Can We Do It Better?

This question always lingers, “Can we do it better?” What does it take? How do we get everyone involved and make it stick? How do we build a culture that wants to do it better?

KCADIB

We live in different and dangerous times today. Our incidents are getting crazier and more complex. We’re challenged by mysterious bio-hazards, unprecedented natural disasters, and unexpected terrorism that can happen anywhere. Our communities are becoming more diverse and they need our help with risk reduction and education.

To face these ever-changing and complex challenges, we must continue to do it better. There are a lot of people counting on us, so we have to be ready for anything, at anytime, and anywhere.

Here are a few suggestions on how we can do it better:

Train and Work Safer

Train, respond, and work safely. Wear your seat belts and your SCBA. Stop breathing so much smoke. Follow your policies and procedures and execute them safely. Stay aware of everything, and watch over your brothers and sisters; have their backs. Speak up when you need to, in the right way. Maintain the readiness of your equipment, and use it properly and when you’re supposed to. Practice personal accountability, all the time. And, know where you are at all times.

Practice and Master Your Skills

Whether operating a saw or starting an IV line, don’t just settle for proficiency; be a master at what you do. Stay physically fit, because your work involves great physical exertion. Keep learning about everything. Know why and how we do things, not just what to do. Be disciplined and use the incident command system. Constantly train for readiness and improvement. Always look back at what you did and ask, “How can I do it better next time?”

Act Like a Professional with Honor and Integrity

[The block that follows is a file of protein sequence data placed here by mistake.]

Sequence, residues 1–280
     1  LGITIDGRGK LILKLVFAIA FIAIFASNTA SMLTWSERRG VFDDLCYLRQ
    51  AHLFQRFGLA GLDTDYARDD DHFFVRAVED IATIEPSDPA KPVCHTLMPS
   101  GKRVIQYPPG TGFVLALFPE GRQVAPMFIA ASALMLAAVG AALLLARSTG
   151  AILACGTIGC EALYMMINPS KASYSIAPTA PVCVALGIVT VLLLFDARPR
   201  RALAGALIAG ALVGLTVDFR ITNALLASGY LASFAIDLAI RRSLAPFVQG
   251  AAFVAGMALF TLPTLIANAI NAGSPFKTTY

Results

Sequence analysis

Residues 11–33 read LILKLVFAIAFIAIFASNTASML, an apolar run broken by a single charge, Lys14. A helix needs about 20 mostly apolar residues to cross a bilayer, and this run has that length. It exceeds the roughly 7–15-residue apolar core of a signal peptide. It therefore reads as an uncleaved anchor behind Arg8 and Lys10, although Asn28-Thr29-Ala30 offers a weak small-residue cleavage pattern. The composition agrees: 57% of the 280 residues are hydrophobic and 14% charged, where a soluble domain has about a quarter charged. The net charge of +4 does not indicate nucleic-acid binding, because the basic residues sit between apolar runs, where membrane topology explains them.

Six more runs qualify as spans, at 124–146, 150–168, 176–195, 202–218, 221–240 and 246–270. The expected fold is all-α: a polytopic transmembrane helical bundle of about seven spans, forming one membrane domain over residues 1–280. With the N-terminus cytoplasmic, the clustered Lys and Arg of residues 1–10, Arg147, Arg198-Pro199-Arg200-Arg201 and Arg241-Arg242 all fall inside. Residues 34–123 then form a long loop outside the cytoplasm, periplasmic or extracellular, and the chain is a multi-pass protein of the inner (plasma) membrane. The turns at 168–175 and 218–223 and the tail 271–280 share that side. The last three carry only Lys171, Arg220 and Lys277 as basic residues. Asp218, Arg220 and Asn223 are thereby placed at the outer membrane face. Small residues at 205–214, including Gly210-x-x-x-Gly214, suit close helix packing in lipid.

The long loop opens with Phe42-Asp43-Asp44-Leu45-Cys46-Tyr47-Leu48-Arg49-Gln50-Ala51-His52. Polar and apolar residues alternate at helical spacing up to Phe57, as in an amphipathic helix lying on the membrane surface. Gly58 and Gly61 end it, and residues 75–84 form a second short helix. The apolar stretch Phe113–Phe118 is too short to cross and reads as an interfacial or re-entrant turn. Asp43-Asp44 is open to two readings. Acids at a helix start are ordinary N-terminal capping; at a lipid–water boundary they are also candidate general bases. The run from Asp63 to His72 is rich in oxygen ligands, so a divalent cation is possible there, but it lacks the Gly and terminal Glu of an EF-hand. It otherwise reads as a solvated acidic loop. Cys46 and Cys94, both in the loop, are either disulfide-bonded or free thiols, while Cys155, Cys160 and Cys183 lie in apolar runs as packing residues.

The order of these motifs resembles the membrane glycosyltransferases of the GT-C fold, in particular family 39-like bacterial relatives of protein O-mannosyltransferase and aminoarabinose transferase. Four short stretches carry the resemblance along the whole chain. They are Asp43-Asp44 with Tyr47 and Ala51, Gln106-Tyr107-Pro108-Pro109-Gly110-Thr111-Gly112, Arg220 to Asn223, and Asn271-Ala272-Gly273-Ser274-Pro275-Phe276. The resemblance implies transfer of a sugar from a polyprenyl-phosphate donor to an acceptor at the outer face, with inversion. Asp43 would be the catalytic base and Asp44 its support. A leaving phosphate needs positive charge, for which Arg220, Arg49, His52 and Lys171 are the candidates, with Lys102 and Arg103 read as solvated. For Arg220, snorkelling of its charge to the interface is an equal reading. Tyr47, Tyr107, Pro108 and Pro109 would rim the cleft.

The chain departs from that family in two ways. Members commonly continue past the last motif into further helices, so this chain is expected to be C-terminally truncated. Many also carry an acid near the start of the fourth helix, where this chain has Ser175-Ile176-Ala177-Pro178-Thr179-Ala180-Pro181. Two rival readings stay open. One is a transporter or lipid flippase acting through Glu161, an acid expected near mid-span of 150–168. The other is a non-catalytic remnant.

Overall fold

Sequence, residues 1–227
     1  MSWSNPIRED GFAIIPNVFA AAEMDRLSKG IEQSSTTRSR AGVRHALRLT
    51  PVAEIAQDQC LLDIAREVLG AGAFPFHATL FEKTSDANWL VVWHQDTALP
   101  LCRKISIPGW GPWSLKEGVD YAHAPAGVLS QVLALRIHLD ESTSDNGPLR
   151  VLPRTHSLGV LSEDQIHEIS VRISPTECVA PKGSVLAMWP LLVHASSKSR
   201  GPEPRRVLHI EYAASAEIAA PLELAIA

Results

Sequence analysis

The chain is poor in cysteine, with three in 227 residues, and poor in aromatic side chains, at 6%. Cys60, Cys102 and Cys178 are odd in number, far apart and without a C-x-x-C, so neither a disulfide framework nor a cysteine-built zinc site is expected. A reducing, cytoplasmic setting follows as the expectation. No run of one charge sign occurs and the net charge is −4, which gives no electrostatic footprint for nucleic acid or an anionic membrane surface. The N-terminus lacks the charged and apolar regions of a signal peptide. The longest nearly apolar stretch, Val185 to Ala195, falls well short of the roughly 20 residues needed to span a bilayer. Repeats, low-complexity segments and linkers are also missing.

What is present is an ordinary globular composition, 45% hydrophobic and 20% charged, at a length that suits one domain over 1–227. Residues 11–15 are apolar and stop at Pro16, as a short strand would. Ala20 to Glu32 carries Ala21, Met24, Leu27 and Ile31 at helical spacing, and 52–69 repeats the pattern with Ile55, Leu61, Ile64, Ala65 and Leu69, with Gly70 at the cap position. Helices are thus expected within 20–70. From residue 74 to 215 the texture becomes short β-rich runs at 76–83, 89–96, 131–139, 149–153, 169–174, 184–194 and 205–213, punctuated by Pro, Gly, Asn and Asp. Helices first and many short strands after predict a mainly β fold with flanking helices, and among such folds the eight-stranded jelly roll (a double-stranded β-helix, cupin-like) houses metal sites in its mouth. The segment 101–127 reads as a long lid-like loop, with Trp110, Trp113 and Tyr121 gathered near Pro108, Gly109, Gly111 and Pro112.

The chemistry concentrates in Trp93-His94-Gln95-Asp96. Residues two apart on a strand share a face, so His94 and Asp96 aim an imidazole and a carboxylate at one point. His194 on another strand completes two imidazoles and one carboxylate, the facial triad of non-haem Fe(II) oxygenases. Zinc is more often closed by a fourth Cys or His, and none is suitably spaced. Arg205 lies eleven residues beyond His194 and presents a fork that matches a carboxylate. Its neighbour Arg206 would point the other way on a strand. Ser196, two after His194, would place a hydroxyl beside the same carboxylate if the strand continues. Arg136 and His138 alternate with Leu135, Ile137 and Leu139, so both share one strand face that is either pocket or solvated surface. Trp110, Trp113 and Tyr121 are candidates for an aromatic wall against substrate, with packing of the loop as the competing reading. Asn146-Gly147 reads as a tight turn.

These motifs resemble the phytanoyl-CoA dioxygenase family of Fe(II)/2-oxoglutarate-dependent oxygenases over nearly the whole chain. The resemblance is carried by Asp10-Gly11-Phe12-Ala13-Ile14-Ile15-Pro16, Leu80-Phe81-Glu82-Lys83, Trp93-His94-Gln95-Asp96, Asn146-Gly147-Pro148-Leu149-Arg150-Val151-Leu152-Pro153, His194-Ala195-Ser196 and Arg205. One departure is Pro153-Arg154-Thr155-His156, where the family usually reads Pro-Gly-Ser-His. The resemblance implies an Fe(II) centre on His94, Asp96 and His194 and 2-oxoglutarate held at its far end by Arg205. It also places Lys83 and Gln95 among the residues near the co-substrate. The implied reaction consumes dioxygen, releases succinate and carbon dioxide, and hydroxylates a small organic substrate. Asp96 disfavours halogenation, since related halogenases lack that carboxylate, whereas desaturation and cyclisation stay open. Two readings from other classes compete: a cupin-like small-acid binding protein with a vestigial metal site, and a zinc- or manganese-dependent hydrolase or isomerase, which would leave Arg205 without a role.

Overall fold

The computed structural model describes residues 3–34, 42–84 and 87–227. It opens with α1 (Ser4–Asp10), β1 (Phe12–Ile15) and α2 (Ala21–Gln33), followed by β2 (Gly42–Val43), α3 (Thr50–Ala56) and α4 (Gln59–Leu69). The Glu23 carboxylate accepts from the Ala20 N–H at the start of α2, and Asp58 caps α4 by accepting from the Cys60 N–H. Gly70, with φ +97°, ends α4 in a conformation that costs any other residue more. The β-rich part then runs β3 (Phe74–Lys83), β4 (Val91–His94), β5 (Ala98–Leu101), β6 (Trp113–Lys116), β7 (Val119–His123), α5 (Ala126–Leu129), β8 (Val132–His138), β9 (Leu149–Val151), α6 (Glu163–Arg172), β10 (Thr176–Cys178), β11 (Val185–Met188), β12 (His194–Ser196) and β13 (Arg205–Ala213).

Be courageous, but calm. Be patient, because it can be difficult dealing with people who are in a considerable state of stress. Sometimes they are the people you work with. Practice a positive image, everywhere and all the time. Set a good example for the young people in your community. Get involved in your fire department and your community, and provide ideas to make the job safer and the community better.

Treat Others Better and Practice Servant Leadership

Be nice to everyone you encounter, especially the people you work with. Practice compassion and consideration for everyone. Engage the people in your community, including the leaders, staff, and citizens. Get to know them and what they need. Improve relationships with other agencies, especially law enforcement; we need to have their backs. Be a servant to others, because that’s the true calling of the fire service.

It’s not a matter of can we do it better, we have to do it better. Start this discussion in your fire department. Ask that lingering question, “Can we do it better?” And if each of us keeps calm and makes a real effort, we will do it better.

3 Ways to Trickle Customer Service Down Through Your Organization

Customer service trickles down from leadership, through members, to customers. Photo by Kim Fitzsimmons.

Customer service trickles down from leadership, through members, to customers. Photo by Kim Fitzsimmons.

Every organization serves customers. Retail stores, governments, hospitals and restaurants they all serve customers, both internally and externally. So, shouldn’t meeting the needs of all of their customers be a top priority? Trickle-down service may be the most effective way to serve everyone.